Unfortunate rush to judgment on writing assignment about Jews
I would like to comment on the April 13 story [“Anti-Semitic essay assignment draws fury”] about the Albany teacher who assigned a persuasive writing exercise to convince a Nazi government official of their loyalty by arguing that Jews were a source of Germany’s problems.
As a Jew myself, I’m very sensitive to treatment of the Holocaust. Yet, I suspect that much has been left out of the story, including the rationale for the assignment and the educational lessons that were sought.
My father was a World War II veteran and spent the first year after the war as part of the occupying army in Germany. He returned to the United States convinced that the German people weren’t much different than Americans. Most wanted to live their lives with their families and had little interest in politics. Yet, they were caught up in the events that surrounded them, and very few were wise enough or bold enough to oppose those events. He felt that under the right circumstances, similar atrocities could happen here. That lesson has stayed with me for my entire life.
The Albany teacher may have been teaching about the power of propaganda, the difficulty in opposing it, and the moral dilemmas that face people who have to make terrible decisions in order to survive. The teacher may have also been encouraging the students to review the Nazi propaganda and to compare it to propaganda that surrounds us every day. The teacher may have been using such an abominable writing task to get the students to think about ways in which modern societies, including our own, scapegoat people, and how easy it is to label those who do not go along with modern day propaganda as traitors.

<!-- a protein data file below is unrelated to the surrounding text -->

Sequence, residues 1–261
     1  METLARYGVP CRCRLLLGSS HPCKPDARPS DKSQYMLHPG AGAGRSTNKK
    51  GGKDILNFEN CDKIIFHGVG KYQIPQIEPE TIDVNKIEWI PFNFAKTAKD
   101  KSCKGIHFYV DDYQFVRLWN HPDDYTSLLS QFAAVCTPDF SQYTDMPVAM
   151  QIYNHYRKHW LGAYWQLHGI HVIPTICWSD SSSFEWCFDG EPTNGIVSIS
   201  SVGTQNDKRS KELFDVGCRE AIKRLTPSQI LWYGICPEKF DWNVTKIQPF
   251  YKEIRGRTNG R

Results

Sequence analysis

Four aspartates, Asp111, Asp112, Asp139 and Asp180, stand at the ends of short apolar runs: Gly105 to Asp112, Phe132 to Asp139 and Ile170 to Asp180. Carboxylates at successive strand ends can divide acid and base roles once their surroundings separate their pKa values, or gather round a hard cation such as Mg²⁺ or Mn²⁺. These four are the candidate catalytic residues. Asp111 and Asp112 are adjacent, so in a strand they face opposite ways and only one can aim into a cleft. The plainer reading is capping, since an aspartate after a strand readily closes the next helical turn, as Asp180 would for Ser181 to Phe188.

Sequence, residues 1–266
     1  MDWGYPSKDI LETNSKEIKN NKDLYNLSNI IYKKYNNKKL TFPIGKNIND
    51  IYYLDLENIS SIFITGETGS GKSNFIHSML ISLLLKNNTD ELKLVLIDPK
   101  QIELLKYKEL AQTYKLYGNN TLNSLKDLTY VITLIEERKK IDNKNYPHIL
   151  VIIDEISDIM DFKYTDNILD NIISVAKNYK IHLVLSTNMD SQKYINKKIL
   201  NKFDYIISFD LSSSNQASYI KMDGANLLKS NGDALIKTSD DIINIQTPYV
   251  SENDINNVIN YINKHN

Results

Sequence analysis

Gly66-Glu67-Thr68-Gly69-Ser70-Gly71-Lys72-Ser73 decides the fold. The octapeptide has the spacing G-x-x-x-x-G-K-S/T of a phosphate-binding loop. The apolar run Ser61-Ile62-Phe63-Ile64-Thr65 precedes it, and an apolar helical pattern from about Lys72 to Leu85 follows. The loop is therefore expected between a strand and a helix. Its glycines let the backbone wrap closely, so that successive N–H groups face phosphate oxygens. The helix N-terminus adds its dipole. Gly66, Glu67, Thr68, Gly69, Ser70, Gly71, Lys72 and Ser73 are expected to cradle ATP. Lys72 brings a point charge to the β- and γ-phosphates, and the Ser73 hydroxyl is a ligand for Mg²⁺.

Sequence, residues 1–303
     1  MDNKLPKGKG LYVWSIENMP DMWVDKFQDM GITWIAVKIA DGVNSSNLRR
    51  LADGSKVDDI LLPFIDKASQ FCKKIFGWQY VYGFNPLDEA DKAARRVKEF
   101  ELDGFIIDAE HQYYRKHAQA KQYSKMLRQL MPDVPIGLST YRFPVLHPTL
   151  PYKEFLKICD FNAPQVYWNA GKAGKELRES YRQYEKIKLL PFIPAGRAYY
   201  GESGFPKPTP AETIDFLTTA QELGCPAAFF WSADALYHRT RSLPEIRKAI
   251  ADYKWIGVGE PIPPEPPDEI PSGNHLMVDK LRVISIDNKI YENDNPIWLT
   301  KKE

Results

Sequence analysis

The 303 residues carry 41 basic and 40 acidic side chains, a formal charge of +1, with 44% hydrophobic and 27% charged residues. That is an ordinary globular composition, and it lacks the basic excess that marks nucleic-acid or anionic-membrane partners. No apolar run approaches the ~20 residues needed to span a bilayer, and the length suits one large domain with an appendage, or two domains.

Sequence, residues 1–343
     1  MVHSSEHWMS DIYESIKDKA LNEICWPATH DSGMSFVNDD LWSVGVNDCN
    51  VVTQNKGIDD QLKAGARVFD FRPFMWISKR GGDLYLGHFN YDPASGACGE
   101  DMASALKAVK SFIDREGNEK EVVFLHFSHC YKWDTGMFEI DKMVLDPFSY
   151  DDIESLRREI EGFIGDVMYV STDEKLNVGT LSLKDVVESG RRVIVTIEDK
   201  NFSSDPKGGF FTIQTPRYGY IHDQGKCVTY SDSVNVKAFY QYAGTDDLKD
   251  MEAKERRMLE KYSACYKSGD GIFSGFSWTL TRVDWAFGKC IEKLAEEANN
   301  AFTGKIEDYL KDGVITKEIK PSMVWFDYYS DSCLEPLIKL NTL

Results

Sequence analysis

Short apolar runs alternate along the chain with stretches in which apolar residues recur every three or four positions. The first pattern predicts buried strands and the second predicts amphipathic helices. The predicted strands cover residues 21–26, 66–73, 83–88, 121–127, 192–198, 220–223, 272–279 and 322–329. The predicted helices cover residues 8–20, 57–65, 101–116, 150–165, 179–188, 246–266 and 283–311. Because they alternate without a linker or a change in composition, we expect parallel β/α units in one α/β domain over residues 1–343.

After the rapid rush to judgment, the superintendent [Marguerite Vanden Wyngaard] stated that “we will not tolerate lessons designed this way.” Yet it is quite conceivable that the lesson was designed to foster tolerance by making students come face to face with intolerance.
If that is the case, then the superintendent’s comments are truly ironic. I fully suspect that we don’t have the full story, and that we should not be jumping to conclusions.
Republican Party on the road to irrelevance
The Republican National Committee’s autopsy of the Republican Party’s failed effort to win the presidency in 2012 cited a weak message and non-inclusiveness as major factors in that loss. Remedying those problems as well as improving the quality of its candidates are not simple tasks.
The GOP is currently a right-wing primarily regional party dominated by social and fiscal conservatives whose message has failed to resonate with the majority of voters in recent presidential elections. It has lost four out of the last six of those elections and the popular vote in five out of six of them. In 2012, Mitt Romney was badly beaten in a contest in which President Obama was extremely vulnerable.
Many Republican leaders have recognized that the party’s presidential candidates were weak. Romney, the best of the bunch, was a man without a political core, a chameleon on controversial issues, lacking in charisma and basically a rich guy who never seemed to get it. His competitors were overall a pathetic bunch. Herman Cain, for example, impressed me as more fit for Comedy Central than the White House. And the party should have recognized that congressional candidates like Todd Aiken, Richard Mourdock and Allen West, all of whom managed to leap all credibility barriers, would lose and plunge into oblivion.
In addition, the party’s message was negative, anti-inclusive, lacking in substance and blind to a concern for the common good. Judging from its post-election tactics, the GOP has rejected change through welcoming moderate Republicans into the tent and others who share many of their core views.
Furthermore, the party appears so backward and ideological that it has no real ability to move to where the voters are. Yet remaining where it is or moving farther right means ultimately its irrelevance as a national party because Americans are a tolerant and enlightened people looking to make a better future.
The nation needs a competitive Republican Party but seems unlikely to get one.
Bravo for Saratoga school board’s stance on testing